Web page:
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This Week in Nature: Oct 25, 2018

In this week's Nature Genetics, an international research team publishes a genomic analysis of Aspergillus section Nigri —  filamentous fungi that have applications in biomedicine, bioenergy, health, and biotechnology. The scientists sequenced 23 genomes, building a full genome compendium for the section, as well as 6 Aspergillus niger isolates, that enabled them to quantify inter- and intraspecies genomic variation. Metabolomics and genetic engineering was performed to correlate genotypes to phenotypes, while experimental and computational analyses revealed that both secondary metabolism and regulation are key factors that are significant in the delineation of Aspergillus species.

Also in Nature Genetics, a Cornell University-led group describes a new sequencing method for studying RNA species that have proven difficult to identify with existing genomic tools. Called chromatin run-on and sequencing — or ChRO-seq — the technique is capable of mapping the location of RNA polymerase for almost any input sample, including samples with degraded RNA, and is used in the study to map nascent transcription in primary human glioblastoma brain tumors. Among the team's findings is core group of transcription factors that control the expression of genes associated with clinical outcomes. "As the pharmacology for targeting diverse transcription factor families develops, the transcription factors reported here, as well as our strategies for finding them, should become more useful in nominating targeted therapies," the authors state.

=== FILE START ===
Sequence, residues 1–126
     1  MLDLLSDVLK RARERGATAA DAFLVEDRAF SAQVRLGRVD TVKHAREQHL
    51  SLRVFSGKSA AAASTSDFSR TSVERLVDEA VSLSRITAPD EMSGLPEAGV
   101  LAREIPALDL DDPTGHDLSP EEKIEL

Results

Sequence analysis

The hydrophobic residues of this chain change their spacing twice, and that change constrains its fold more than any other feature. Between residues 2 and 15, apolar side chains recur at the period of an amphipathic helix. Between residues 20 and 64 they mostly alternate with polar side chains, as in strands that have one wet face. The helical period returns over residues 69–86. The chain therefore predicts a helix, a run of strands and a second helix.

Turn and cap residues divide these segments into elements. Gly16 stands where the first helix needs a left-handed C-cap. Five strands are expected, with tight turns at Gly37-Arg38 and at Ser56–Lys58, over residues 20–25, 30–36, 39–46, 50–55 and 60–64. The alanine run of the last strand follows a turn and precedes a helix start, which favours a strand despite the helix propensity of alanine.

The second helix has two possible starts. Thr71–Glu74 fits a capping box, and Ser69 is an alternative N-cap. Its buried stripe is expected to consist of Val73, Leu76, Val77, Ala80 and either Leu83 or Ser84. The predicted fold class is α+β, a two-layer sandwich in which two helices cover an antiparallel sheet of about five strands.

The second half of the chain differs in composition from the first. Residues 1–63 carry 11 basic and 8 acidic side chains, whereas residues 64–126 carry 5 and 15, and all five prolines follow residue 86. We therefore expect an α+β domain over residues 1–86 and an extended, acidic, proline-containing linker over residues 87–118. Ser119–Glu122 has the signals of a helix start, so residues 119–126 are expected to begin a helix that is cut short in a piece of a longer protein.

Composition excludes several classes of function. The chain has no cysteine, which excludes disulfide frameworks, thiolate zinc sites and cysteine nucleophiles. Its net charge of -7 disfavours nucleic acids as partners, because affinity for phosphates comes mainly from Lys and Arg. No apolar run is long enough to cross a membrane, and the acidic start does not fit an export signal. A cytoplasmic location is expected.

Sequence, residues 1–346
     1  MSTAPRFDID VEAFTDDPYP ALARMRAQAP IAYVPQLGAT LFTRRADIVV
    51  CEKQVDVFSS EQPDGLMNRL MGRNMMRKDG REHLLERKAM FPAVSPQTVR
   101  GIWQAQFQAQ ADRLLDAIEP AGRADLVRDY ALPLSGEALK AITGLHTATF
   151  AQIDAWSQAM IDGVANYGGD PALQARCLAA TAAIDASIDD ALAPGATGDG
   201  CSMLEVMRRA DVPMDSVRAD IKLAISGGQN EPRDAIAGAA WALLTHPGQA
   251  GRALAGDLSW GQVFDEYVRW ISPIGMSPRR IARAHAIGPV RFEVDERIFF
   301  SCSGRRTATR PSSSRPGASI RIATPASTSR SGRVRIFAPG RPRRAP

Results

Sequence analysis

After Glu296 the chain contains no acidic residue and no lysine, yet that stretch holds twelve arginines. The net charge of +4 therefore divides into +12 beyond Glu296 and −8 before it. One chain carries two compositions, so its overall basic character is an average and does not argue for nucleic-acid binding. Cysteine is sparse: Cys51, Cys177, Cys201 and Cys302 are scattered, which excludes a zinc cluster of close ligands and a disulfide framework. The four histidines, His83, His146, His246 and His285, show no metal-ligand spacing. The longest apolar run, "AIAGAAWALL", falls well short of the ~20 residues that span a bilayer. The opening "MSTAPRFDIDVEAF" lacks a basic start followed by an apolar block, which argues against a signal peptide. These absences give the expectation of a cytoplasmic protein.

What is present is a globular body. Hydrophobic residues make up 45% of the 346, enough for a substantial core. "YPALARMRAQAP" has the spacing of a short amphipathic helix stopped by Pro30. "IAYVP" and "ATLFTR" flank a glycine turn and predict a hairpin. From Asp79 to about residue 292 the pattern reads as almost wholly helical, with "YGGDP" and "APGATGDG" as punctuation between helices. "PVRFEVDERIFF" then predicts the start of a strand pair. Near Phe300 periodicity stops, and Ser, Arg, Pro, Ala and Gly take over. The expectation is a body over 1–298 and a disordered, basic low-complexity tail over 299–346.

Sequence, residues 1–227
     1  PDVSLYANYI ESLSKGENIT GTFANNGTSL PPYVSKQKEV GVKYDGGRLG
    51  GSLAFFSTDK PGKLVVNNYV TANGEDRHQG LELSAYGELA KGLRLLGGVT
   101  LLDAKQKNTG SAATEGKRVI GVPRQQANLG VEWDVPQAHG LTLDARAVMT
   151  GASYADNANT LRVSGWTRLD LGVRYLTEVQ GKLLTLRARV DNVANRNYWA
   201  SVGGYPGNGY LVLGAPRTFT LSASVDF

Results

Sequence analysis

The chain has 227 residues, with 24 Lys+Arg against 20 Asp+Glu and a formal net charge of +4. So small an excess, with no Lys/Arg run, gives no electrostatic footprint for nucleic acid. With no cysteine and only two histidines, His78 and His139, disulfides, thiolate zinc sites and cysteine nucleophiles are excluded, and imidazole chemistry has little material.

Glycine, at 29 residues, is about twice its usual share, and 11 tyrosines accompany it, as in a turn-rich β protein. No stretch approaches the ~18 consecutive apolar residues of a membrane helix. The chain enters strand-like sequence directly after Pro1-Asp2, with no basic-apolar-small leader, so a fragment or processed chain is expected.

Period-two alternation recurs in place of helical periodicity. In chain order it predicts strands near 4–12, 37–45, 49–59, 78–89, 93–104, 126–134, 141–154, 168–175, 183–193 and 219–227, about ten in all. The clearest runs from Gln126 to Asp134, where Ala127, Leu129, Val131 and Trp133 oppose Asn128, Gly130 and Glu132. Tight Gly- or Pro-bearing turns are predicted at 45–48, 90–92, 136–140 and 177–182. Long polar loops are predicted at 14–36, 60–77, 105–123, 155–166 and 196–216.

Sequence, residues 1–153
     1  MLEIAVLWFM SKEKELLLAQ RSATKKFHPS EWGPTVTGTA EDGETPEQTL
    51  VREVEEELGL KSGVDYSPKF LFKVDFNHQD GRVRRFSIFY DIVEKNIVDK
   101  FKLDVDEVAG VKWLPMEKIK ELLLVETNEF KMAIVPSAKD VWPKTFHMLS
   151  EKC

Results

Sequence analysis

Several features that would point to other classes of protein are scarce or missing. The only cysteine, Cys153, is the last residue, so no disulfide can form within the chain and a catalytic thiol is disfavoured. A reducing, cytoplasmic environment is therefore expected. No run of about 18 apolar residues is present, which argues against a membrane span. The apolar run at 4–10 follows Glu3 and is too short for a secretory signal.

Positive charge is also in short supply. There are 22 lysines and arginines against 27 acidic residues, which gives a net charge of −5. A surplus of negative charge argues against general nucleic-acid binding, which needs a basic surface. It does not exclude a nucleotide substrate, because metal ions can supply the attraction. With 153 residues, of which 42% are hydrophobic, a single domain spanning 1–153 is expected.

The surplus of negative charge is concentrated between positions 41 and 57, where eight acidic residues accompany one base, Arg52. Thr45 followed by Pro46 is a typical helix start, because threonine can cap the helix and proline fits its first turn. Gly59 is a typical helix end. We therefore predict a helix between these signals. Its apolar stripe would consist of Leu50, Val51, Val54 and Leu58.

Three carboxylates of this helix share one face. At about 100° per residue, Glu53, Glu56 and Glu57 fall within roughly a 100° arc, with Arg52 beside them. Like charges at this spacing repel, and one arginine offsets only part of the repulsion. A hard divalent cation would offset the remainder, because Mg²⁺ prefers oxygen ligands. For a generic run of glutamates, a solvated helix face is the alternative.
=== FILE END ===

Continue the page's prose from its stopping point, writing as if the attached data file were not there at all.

Finally in Nature Genetics, a group from the University of Edinburgh reports an atlas of genetic associations in the UK Biobank — a large prospective epidemiological study of roughly 500,000 deeply phenotyped individuals from the UK. The atlas includes associations for 118 non-binary and 660 binary traits of UK Biobank participants, with results compiled in a publicly accessible database that allows querying genome-wide association results for over 9 million genetic variants, as well as downloading GWAS summary statistics for over 30 million imputed genetic variants. The atlas, the investigators say, "will help researchers to query UK Biobank results in an easy and uniform way without the need to incur high computational costs." GenomeWeb has more on this, here.